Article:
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If I make a function inline does it change its linkage to internal linkage? For example: I'm using or calling the inline function in two files:

file1.cpp

//function definition
inline void foo() {}

file2.cpp
//function definition
inline void foo() {}

Why do I need to define the inline function in each file to be able to call it? I'm getting an internal linkage? What if I use static inline?

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While I know the tag is C++, its good to know that inlines in C are by default internal linkage, the opposite of C++ –  Jesse Good Dec 22 '11 at 15:09
    
@Jesse: No its not the opposite. Inline function C (C99) also have external linkage by default unless declared static. –  user1086635 Dec 22 '11 at 15:32
    
@user1086635: No, in C the default is internal linkage. C99 6.7.4/6 says "An inline definition does not provide an external definition for the function, and does not forbid an external definition in another translation unit.", giving an example creating an external definition with an extra extern declaration. –  Mike Seymour Dec 22 '11 at 15:50
    
@MikeSeymour: I see, so declaring the inline function declaration with extern makes it have external linkage otherwise it gets an internal linkage by default. –  user1086635 Dec 22 '11 at 16:07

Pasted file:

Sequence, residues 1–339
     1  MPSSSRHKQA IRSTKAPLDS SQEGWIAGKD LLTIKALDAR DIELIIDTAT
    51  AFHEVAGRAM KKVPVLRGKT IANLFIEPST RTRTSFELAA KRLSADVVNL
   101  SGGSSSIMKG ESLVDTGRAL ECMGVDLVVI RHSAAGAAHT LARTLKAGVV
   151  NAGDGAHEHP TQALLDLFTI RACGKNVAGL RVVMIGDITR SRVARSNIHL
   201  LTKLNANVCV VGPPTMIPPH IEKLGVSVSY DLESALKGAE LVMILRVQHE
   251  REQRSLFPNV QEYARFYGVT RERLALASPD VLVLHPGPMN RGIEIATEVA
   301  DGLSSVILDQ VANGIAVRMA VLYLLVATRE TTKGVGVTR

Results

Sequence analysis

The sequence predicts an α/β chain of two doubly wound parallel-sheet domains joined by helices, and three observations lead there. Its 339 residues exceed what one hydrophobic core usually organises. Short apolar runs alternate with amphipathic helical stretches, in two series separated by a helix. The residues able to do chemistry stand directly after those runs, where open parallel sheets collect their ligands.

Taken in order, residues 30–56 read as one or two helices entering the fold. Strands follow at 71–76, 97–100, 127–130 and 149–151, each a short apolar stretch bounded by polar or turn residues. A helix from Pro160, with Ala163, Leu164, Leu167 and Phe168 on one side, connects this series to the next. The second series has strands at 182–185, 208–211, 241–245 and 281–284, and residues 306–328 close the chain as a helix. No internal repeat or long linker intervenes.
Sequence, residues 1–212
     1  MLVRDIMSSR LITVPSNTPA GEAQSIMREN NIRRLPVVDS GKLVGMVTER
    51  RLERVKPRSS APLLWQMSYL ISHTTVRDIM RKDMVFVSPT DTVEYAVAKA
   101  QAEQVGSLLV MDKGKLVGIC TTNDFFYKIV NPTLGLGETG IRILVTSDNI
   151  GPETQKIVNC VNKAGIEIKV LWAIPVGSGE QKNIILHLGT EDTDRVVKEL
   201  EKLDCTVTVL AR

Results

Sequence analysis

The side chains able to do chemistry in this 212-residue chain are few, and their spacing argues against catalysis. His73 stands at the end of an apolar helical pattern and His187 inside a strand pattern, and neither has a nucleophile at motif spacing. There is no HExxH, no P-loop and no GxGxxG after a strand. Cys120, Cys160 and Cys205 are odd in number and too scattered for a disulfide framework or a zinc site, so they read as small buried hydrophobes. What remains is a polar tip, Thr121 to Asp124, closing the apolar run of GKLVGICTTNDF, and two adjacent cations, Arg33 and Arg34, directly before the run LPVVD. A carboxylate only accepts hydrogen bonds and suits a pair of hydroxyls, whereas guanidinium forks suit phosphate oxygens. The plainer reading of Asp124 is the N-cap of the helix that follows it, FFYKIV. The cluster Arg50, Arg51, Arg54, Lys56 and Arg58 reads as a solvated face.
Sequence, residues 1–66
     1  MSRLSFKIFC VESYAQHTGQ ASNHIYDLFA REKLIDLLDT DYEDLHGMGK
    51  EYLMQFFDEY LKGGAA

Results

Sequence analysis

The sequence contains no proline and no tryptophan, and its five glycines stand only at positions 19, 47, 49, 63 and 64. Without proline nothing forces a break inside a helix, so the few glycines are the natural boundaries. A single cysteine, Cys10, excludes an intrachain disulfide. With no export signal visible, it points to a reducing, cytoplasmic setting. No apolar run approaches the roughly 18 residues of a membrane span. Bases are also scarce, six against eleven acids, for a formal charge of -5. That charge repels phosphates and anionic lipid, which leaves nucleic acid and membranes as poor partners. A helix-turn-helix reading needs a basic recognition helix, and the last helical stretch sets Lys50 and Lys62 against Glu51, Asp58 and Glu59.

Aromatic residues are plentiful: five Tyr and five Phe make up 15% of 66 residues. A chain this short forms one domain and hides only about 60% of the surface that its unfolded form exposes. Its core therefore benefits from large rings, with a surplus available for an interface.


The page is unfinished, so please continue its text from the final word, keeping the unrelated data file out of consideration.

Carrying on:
1 Answer 1

up vote 9 down vote accepted

If I make a function inline does it change its linkage to internal linkage?

No, making it inline does not change its linkage.

Why do I need to define the inline function in each file to be able to call it?

Because the language requires it. C++11 7.1.2/4 says "An inline function shall be defined in every translation unit in which it is odr-used and shall have exactly the same definition in every case."

I'm getting an internal linkage?

No, it still has external linkage: a pointer to the function will have the same value in any translation unit, and any static objects declared inside the function will be the same object in any translation unit.

What if I use static inline?

That will give internal linkage, due to the static. This means that definitions in separate translation units will produce separate functions, with different addresses and distinct copies of any static objects.

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Okay, If I had each inline function declared as static in those two files, how would it affect my program? Because even if the functions have extenal linkage their definitions still needs to present in each file. –  user1086635 Dec 22 '11 at 14:56
1  
@user1086635: If you declare them static, then each will be a separate function; for example, their addresses will be different, and each will have its own copy of any static data. With external linkage, they will have the same address and will share static data. –  Mike Seymour Dec 22 '11 at 14:58
    
The note about pointers to an inline is not specified. Multiple copies of the inline function may exist -- as each translation unit gets a copy. It is then undefined how a linker resolves that. If you violate the ODR rule you can get weird results like different functions being called. Thus you can't assume the pointers will be the same either, even if you follow the ODR. –  edA-qa mort-ora-y Dec 22 '11 at 15:38
2  
@edA-qamort-ora-y: 7.1.2/4 also says "An inline function with external linkage shall have the same address in all translation units." –  Mike Seymour Dec 22 '11 at 15:44
    
Indeed it does. I wonder if I can somehow trick gcc/ld into doing the wrong thing here and giving me two addresses -- without violating the ODR. –  edA-qa mort-ora-y Dec 22 '11 at 15:51

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